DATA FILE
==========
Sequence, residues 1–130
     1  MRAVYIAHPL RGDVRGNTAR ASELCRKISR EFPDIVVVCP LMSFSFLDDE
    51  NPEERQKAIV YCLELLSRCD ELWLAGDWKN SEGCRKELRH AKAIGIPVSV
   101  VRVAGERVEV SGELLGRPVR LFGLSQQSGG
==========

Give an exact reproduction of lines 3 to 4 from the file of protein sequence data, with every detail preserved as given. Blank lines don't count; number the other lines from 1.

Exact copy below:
    51  NPEERQKAIV YCLELLSRCD ELWLAGDWKN SEGCRKELRH AKAIGIPVSV
   101  VRVAGERVEV SGELLGRPVR LFGLSQQSGG